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Spring Motor Rolling Chassis Version 2

3D model description

An updated version of my earlier design (http://www.thingiverse.com/thing:430050), this version includes stronger spring and gears, weaker pawl, and o-ring tires for traction. The first photograph is of the actual prototype. The second photograph is a screen grab of the cad version. The final photograph is of JersyBeast's knob (see UPDATES below).

Assembly video is here: https://www.youtube.com/watch?v=q_Jom7imnNw.

Video of prototype run is here: https://www.youtube.com/watch?v=zo1t8SiTtTM.

Video of JersyBeast's knob (see UPDATES below) is here: https://www.youtube.com/watch?v=vIy25mTT5O0.

You will need to purchase two #18 o-rings (1 3/16" O.D., 15/16" I.D., 1/8" diameter) and two #111 o-rings (2 1/2" O.D., 2 1/8" I.D., 3/16" diameter), which are available on line, and at plumbing supply / box stores.

Designed using Fusion 360, sliced using Cura 2.3.1, and printed in PLA on an Ultimaker 2+ Extended and Ultimaker 3 Extended.

UPDATES:

1) Thingiverse member JersyBeast requested an "easier on the fingers" knob design and even provided a suggested for the new design. So I have implemented JersyBeast's suggestion and uploaded the result as "Knob and Axle (1).stl". I have not tested it yet, but I recommend printing it at 100% infill, and be very careful not to over-torque the spring using it as the spring or "Chassis Left.stl" axle could snap. @JersyBeast, hope your fingers get better!

2) Printed, tested and uploaded photograph and video of JersyBeast's knob.

3D printing settings

Printer Brand:

Ultimaker

Printer:

Ultimaker 3

Rafts:

No

Supports:

No

Resolution:

.1mm

Notes:
Print two each of "Axle.stl", "Wheel.stl" and "Wheel Rear.stl", one each of the remaining parts.

Print "Chassis Left.stl", "Chassis Right.stl", "Knob and Axle.stl" and "Spring.stl" at 100% infill, print remaining at 50% infill.

Post-Printing
Prior to assembly, test fit and trim, file, sand, etc. all parts as necessary for smooth movement of moving surfaces, and tight fit for non moving surfaces. Depending on the colors you chose and your printer settings, more or less trimming, filing and/or sanding may be required.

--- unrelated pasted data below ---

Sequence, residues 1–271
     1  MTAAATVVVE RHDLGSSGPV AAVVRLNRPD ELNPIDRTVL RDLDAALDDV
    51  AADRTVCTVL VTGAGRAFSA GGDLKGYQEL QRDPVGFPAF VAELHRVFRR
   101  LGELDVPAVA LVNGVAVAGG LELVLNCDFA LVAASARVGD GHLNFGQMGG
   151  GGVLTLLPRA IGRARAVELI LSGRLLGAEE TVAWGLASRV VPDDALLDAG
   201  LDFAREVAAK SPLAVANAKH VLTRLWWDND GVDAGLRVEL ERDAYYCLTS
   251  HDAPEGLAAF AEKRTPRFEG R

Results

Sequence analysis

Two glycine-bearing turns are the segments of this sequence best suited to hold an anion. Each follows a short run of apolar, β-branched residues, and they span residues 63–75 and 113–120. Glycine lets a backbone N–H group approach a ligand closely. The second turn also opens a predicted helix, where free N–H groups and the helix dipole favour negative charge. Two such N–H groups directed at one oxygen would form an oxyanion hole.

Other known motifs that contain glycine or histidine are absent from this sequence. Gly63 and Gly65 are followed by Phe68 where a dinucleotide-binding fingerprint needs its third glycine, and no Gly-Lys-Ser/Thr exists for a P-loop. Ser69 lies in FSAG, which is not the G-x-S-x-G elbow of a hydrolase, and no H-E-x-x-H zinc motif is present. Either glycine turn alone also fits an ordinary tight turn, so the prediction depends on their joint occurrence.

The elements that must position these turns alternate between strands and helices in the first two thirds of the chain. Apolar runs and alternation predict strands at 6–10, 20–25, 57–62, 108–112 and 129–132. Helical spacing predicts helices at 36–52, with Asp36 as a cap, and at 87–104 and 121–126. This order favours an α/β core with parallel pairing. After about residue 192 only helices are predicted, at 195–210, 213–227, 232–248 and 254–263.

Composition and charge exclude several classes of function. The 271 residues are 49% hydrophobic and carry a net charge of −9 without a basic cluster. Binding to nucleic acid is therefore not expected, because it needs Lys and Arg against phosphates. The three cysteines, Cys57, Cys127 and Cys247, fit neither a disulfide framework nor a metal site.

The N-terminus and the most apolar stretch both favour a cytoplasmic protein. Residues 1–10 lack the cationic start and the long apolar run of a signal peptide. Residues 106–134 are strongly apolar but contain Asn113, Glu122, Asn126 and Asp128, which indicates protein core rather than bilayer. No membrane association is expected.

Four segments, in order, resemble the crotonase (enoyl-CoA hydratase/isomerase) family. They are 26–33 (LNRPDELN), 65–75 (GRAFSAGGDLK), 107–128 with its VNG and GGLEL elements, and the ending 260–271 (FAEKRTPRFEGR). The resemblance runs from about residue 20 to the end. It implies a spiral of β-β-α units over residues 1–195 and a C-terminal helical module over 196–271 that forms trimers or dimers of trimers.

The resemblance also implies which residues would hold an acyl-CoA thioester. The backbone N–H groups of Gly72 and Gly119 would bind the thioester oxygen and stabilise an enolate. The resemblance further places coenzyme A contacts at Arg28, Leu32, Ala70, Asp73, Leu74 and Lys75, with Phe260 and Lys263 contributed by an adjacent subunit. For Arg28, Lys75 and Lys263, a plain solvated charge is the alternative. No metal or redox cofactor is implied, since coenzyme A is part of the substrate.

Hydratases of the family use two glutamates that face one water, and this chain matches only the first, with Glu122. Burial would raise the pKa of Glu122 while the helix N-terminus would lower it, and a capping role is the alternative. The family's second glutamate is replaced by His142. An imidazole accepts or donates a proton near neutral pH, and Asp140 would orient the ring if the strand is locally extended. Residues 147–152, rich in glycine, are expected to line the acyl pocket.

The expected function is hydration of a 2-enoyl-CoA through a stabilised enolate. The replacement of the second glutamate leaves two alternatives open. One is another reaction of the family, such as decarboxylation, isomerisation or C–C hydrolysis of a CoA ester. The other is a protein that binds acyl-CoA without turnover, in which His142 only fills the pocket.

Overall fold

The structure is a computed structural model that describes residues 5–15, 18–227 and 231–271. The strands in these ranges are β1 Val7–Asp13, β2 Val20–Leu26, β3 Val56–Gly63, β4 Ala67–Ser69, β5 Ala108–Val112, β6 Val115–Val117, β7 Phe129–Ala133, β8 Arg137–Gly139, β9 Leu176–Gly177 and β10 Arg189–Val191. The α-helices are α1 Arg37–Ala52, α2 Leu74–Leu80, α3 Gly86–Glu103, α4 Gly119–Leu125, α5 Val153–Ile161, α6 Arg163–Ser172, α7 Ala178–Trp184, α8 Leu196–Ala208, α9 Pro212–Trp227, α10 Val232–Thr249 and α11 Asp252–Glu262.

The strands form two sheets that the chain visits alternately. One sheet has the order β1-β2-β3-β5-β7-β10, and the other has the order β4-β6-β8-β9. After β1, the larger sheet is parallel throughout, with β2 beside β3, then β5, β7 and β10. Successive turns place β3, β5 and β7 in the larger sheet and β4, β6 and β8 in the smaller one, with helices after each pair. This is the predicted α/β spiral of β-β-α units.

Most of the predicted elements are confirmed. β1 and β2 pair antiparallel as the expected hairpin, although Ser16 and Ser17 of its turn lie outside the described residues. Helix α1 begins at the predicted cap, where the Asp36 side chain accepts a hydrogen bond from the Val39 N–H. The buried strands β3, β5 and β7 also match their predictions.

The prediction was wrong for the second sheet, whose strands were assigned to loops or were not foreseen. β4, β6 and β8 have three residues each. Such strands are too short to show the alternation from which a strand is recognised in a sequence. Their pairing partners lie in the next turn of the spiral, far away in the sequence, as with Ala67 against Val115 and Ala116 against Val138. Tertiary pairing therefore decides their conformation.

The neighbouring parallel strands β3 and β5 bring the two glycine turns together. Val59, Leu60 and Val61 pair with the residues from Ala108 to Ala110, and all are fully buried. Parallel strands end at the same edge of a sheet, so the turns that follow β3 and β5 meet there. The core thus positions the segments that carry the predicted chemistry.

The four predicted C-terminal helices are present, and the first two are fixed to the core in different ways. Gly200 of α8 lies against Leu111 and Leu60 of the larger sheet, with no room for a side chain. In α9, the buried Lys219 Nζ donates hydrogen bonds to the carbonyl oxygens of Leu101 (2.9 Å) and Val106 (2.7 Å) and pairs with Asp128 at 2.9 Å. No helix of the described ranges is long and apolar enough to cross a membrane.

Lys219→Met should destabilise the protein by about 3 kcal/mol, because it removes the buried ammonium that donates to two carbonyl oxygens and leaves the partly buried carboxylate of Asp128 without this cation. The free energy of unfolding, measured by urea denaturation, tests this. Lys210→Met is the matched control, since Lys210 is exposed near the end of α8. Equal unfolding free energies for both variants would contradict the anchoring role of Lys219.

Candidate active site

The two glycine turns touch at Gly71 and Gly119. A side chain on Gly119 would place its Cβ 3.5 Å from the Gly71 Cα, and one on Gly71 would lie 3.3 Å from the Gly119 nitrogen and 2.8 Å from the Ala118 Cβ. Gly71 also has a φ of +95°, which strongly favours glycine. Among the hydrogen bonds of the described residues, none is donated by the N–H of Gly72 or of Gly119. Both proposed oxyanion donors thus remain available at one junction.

Study "Assembly.stl".

I assembled my Spring Motor Rolling Chassis Version 2 as follows:

1) Slide "Knob and Axle.stl" into "Chassis Left.stl", then press "Spring.stl" and "Pawl.stl" onto "Knob and Axle.stl".

2) Slide "Gear Pawl.stl" onto "Knob and Axle.stl".

3) Slide "Gear Spur.stl" onto the axle on "Chassis Left.stl".

4) Press "Chassis Right.stl" onto "Chassis Left.stl".

5) Press one "Axle.stl" onto one "Wheel.stl", then slide into position through "Chassis Left.stl" and "Chassis Right.stl", and secure with remaining "Wheel.stl". Make sure the wheels and axle spin freely.

6) Press "Gear Spur Small.stl" onto the remaining "Axle.stl" in the position shown.

7) Insert the small spur gear and axle assembly into the chassis assembly as shown, then press one each of "Wheel Rear.stl" onto each end of the axle. Make sure the wheels rotated freely.

8) Install one each of #18 o-ring onto "Wheel Front.stl", then one each of #111 o_ring onto "Wheel Rear.stl".

9) Apply light machine oil onto all moving contact surfaces.

We built a few of of these to race, they accelerate rapidly thanks to the beefier spring, and run anywhere between 30 to 50 feet depending upon the lubrication and break in.

Hope you like it!

  • 3D model format: STL

Creator

You fail the moment you stop learning.

License

CC BY SA


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